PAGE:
NB: This is not an accurate（精确的，准确的） word-for-word transcript
Dan: Hello and welcome to this week’s 6 minute English. I’m Dan Walker Smith
and today I’m joined by Kate.
Kate: Hi Dan.
Dan: Now Kate, you’re from Scotland. Does that mean you’ll be celebrating Burns
Night this week?
Kate: Well as a matter of fact I will be. I’ll be going to a friend’s house where we’re
going to be eating some haggis, drinking some whisky（威士忌酒） and reciting some
Dan: OK, well to explain, Burns Night is the annual celebration of the Scottish poet
Robert Burns, who was born just over 250 years ago. Each year on Burns
birthday, the 25th January, Scottish people across the world gather for a
traditional Scottish meal with poetry and sometimes dancing.
Kate: In fact, although it’s a particularly Scottish event, it is celebrated by people of
Scottish ancestry all over the world. These are people whose family originally
came from Scotland, but who now live in other countries, such as Australia or
Dan: So Kate, this week’s question for you is:
How many people worldwide claim Scotland as their ancestral home? Is it:
a) 5 to 10 millionb) 10 to 20 million
c) 30 to 40 million
Kate: Well I have to say I have absolutely（绝对地） no idea. But I reckon the numbers are
going to be quite high, so I’m going to go for c, 30 to 40 million.
Dan: OK, we’ll see if you’re right at the end of the programme.
Kate: Well, Robert Burns is one of the most recognised figures in Scottish literature,
even appearing on some Scottish money and stamps. So now we’re going to
hear from a director from Scotland’s tourist board summing up Burns’
influence on Scotland. She mentions that he’s an iconic person. Can you
explain what she means by this Dan?
Dan: Well an icon is a symbol that represents a cultural group, so in this context
iconic means that Burns has become a symbol of Scotland.
Let’s have a listen. How does she describe Burns’ influence on the perception
He’s obviously an iconic figure. He’s recognised（承认,认出） across the world, and he’s part of what
we think visitors think of when we say ‘well what does Scotland mean to you?’ So he’s an
absolutely essential part of the ‘what is Scotland, the brand?’
Kate: Well, brand usually means a company’s or business’s image, so here she’s
saying that Robert Burns has become an essential part of Scotland’s image
overseas. And you can certainly see this if you ever go to Scotland; there are
pictures of Burns just about everywhere.
Dan: And Burns Night, of course, has become an important tradition for Scottish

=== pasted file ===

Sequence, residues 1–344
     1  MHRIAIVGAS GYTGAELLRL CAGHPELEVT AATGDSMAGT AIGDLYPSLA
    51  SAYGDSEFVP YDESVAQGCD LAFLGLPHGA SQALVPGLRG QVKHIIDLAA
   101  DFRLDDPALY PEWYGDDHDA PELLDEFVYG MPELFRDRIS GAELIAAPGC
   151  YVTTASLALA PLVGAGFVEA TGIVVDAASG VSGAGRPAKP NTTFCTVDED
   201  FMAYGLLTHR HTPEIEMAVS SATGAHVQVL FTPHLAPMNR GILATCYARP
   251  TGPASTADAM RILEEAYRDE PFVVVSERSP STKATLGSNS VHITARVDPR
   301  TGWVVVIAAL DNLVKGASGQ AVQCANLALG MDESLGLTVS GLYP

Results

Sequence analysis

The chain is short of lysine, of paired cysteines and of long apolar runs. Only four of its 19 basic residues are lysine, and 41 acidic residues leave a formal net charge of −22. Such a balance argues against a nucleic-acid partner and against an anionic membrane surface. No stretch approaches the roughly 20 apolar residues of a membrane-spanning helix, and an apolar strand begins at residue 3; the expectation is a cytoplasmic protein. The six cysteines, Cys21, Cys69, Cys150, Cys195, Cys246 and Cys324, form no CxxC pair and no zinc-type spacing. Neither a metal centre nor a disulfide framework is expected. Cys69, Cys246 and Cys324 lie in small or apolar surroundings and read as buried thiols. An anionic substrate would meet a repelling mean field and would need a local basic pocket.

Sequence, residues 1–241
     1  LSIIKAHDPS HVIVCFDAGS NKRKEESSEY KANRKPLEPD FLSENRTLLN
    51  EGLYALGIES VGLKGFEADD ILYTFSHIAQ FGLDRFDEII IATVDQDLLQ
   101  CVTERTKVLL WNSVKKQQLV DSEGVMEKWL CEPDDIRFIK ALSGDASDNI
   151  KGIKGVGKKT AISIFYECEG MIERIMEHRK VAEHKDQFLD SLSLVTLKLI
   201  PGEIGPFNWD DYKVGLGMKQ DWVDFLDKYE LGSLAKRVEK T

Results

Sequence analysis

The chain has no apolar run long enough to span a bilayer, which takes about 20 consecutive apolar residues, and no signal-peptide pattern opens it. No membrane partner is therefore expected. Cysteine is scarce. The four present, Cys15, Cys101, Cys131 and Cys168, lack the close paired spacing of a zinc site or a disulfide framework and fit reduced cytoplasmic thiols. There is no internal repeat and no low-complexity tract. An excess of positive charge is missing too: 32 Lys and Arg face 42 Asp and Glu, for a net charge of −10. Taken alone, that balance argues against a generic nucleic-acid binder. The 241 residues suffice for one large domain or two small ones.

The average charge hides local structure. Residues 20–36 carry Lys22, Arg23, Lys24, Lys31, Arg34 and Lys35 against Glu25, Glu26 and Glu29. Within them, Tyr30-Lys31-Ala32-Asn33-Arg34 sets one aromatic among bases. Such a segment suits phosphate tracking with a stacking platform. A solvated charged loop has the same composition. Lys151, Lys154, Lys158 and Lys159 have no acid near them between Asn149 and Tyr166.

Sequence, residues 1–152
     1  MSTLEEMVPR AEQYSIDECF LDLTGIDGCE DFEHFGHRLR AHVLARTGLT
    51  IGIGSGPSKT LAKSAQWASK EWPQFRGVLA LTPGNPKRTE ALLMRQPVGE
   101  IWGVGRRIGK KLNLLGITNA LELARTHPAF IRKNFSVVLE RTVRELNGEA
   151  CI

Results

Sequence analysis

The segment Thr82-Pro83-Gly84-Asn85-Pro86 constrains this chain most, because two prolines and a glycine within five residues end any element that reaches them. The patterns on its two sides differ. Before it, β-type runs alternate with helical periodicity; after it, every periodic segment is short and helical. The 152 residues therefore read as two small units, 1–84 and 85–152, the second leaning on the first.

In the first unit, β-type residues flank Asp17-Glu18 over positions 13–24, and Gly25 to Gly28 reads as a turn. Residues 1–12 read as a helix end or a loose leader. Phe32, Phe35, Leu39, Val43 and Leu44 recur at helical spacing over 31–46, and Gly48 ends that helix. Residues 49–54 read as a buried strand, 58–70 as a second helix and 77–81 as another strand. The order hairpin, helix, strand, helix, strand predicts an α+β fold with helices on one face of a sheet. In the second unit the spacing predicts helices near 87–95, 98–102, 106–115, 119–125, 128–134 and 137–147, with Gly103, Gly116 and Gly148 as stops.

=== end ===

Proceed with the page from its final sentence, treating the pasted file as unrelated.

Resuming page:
communities across the world, and there are certain ceremonies associated with
Here’s Scottish comedian Fred MacAulay talking about the origins of Burns
Night. He mentions drinking a toast. This means to raise your glass and drink
in honour to someone.
Kate: And a dram is a Scottish word meaning a small drink, usually of whisky or
another strong spirit. So have a listen to the next extract. Can you tell me when
the first Burns Supper was held?
One event which is exported internationally and which undoubtedly contributes to our
economy is the aforementioned Burns Supper, the first of which was held in 1801 on the
fifth anniversary of Burns’ death. A toast was made to the memory of Burns, which was
followed by a dram, followed by more toasts, and more drams, and more drams, and the
traditions of Burns Suppers began.
Kate: Well lots of drinking going on there. So the custom of Burns Supper is over
200 years old, and is a vital part of Scottish tradition.
Dan: As well as toasts and drams, another central part of the Burns Supper is the
haggis, the traditional Scottish dish made from sheep intestines, spices and
Kate: Now that may not sound terribly appetising to people around the world, but
believe me, it’s a real Scottish delicacy. So here’s Edinburgh haggis maker
James McSween guiding us through the process of making a Burns Night
haggis. Have a listen; how long does it take to cook the haggis?
This is the first cook area. This is where we take the raw lamb lungs and the raw beef fat
and we cook them in these boilers, and then they get lifted into the mixer-grinder. We
add the seasoning, the oatmeal, and the gravy, which we then fill into the casing. And
then they go through the cooker, which then steams them for about an hour. And then
they come out warm-reekin’, rich.
Kate: So he said that once the haggises have cooked for an hour, they come out
‘warm-reekin’, rich’, which is a quote from Burns’ poem ‘Ode to a Haggis’,
written in the local Scots dialect. It means that the haggis is warm, steaming
and rich – just the thing for a cold January night.
Dan: You also heard the words seasoning, oatmeal, and gravy. Seasoning is the
term for flavourings such as herbs, spices, salt and pepper.
Kate: And oatmeal is ground oats, the same ingredient used to make the Scottish
Dan: And gravy is a thick sauce made from meat stock and vegetables.
OK we’re almost out of time, so let’s go over some of the vocabulary we’ve
come across today:
icon and iconic
Dan: And there’s just time for today’s question. I asked you Kate how many people
worldwide claim Scotland as their ancestral home? Is it:
a) 5 to 10 million
b) 10 to 20 million
c) 30 to 40 million
Kate: And I said c, 30 to 40 million.
Dan: And you’re spot on; that’s exactly right. There are 30 to 40 million who claim
Scotland as their ancestral home, so plenty of people I imagine who’ll be
enjoying a Burns Supper this week.
Kate: Absolutely. It’s incredible to think how many Scottish people there are around
the world. But they’re all very proud of their ancestry, I’m sure, and will be
eating lots of haggis.
Dan: So from all of us here at BBC Learning English, thank you so much indeed for
listening, have a very Happy Burns Night, and goodbye!